The first of the images was taken by Herbert Ponting and shows Scott observing a crack in the snow field at the Ross Dependency.
The next two images featuring the expedition photographer Ponting, were taken by Scott himself. Scott was being tutored in the art and techniques of photography, by Ponting, to enable him to capture a visual account of the journey to the South Pole, as Ponting would not travel with the southern party, because he was considered too old, for the arduous journey.
The final image was again taken by Scott and shows the same fissure in the snow field he is seen observing in the first picture. What the image clearly illustrates is that Ponting still had a bit of tutoring to do with his protege.
Robert Falcon Scott.
October 7th 1911.
Photograph by Herbert Ponting.
On October 7th 1911, Herbert Ponting, the official photographer on the Terra Nova Expedition, captured this famous image of Robert Falcon Scott updating his journal, in the comfort of the Winterquarters Hut, at Cape Evans Antarctica. The hut which was constructed shortly after the expedition arrived in the Ross Dependency in 1911, is more commonly known as Scotts Hut. Continue Reading →
Discovery Arrives at Plymouth.
British National Antarctic Expedition, 1901–04.
Generally known as the Discovery Expedition, The British National Antarctic Expedition, 1901–04, was Britain’s first official foray into Antarctic climes since the 1839-1843 voyage of James Clark Ross, with HMS Erebus and HMS Terror.
On 4 February 1902, Robert Falcon Scott’s Discovery Expedition, landed on the Barrier and unloaded an observation balloon, which Scott had brought along for the purpose of achieving aerial surveys. Scott himself was first to climb aboard the balloon and it rapidly ascended to a height of 180 m, but thankfully the balloon was firmly tethered. Ernest Shackleton piloted the second ascent, and as with Scott, the only thing observable even at that height, was the seemingly endless expanse of icy whiteness that constituted the Barrier. The expeditions junior doctor and zoologist, Edward Wilson privately noted that he thought the flights to be “perfect madness”.
The Discovery Expedition succeeded in its quest to undertake scientific studies in Antarctica, in fields as diverse as biology, zoology, geology, meteorology and magnetism. On the Western Journey, Antarctica’s only snow free valleys were discovered, in the western mountains of Victoria Land, and became known as The Dry Valleys.
The Winter Journey Begins
The Terra Nova Expedition
The Terra Nova Expedition (1910-1913) to Antarctica had more objectives than that of reaching the geographical South Pole. Also on the itinerary was the continuation of scientific work that Robert Falcon Scott had pioneered on his Discovery Expedition (1901-1904), and the Terra Nova could boast a scientific staff of 12 men, who were led by the zoologist Edward Wilson.
And it was Wilson who had conceived the idea of the Winter Journey, to obtain Emperor Penguin eggs in an early embryo stage, in furtherance of his previous studies on the matter. The only location to find such eggs was at the rookery at Cape Crozier, which lay about 60 miles from Hut Point, but the optimal time to acquire them at the desired embryonic stage coincided with the fearsome Antarctic Winter.
Antarctica really only has two season – Summer and Winter, and for most of the winter months the continent is shrouded in a perpetual darkness, and temperatures touching -90º C have been recorded. Whilst Scott had reservations about the undertaking of such a perilous effort, it seems he did not want to disappoint Wilson and eventually dispensed permission for the journey to be undertaken. Wilson would take just one other member of the scientific team with him, the 25 year old Apsley Cherry-Garrard, and Scott assigned the indomitable Henry “Birdie” Bowers to lead them.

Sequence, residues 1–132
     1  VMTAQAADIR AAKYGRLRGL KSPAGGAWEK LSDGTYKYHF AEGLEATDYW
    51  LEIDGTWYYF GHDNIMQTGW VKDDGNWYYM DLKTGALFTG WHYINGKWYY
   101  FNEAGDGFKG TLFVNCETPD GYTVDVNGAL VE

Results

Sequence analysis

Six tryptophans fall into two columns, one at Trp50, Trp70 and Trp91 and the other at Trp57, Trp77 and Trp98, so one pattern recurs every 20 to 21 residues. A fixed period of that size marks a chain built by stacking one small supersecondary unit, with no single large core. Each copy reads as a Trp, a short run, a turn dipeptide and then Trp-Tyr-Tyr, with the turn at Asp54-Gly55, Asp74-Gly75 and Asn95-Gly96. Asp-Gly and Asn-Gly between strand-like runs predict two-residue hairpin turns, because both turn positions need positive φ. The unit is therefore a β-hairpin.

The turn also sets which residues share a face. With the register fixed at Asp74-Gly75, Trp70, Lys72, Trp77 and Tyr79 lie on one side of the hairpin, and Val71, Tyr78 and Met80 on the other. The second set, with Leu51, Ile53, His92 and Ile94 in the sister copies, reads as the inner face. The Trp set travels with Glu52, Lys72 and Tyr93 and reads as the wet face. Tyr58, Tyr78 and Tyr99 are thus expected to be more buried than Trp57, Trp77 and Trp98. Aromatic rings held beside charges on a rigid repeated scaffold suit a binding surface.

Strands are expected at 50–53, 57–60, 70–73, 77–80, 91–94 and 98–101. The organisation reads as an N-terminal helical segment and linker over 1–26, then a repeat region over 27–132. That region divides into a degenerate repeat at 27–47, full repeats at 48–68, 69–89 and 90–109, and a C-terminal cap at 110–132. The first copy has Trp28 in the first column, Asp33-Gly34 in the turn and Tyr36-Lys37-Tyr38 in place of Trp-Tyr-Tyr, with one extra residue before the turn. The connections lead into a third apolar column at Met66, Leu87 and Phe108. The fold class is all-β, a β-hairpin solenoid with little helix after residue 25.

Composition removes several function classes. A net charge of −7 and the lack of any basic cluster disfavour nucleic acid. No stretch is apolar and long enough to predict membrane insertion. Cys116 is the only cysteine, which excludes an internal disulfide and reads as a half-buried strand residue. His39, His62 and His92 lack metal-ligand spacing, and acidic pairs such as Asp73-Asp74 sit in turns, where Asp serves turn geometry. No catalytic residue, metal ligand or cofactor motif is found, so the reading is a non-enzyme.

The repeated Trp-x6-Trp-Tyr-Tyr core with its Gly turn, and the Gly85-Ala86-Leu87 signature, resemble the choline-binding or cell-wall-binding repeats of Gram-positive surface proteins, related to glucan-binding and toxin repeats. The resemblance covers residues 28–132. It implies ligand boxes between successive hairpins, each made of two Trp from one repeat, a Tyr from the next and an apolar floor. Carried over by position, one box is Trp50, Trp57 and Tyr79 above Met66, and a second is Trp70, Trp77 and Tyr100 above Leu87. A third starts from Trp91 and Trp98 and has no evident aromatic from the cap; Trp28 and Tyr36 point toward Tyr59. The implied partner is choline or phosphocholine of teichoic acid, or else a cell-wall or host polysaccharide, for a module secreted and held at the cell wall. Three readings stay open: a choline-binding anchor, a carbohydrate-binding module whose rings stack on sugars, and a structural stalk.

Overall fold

The Death Of The Polar Party
Terra Nova Expedition
On the 29th of March 1912, in a blizzard battered tent on Antarctica’s Ross Ice Shelf, Robert Falcon Scott’s trembling frozen hand scribed his final words – “Every day we have been ready to start for our depot 11 miles away, but outside the door of the tent it remains a scene of whirling drift. I do not think we can hope for any better things now. We shall stick it out to the end, but we are getting weaker, of course, and the end cannot be far. It seems a pity but I do not think I can write more. R. Scott. Last entry. For God’s sake look after our people.”*
Scott, Bowers and Wilson had been trapped in their tent for nine days, unable to strike for One Ton Depot, which as Scott had stated lay a mere 11 miles away. It must surely have haunted Scott, to know that his decision not to establish the depot where initially intended, in February of 1911, would now definitively decide the mens fate.
Had he done so, the starving, scurvy stricken men would have reached the potentially life saving cache, approximately twenty miles south of where they currently lay dying. Ironically Lawrence Oates, who had protested in vain to Scott, during that depot laying excursion, that they should forge ahead and lay the supplies at the predetermined point, walked to his death in the vicinity of the intended depot on March 17th 1912.
Prior to Oates’ tragic demise the Polar Party had lost Edgar Evans on February 17th, through a combination of scurvy and a serious concussion he had suffered when falling into a crevasse on February 4th. The three remaining men made scant progress after the disappearance of Oates, perhaps covering a further 20 agonising miles, before the adverse weather trapped them in their tent, and slowly wrought their doom.
Burroughs Wellcome Co medicine chests
British Antarctic Expedition – Terra Nova
Sir Henry Solomon Wellcome and Silas Burroughs formed the Burroughs Wellcome & Company, pharmaceutical company in 1880. They specialised in producing Tabloid medicines, and their medicine chests were quite practical, for those, like Robert Falcon Scott and his team, who intended reaching the South Pole. The medicine chests were durable, lightweight and compact, which was of crucial importance considering that all the mens supplies were hauled on sledges.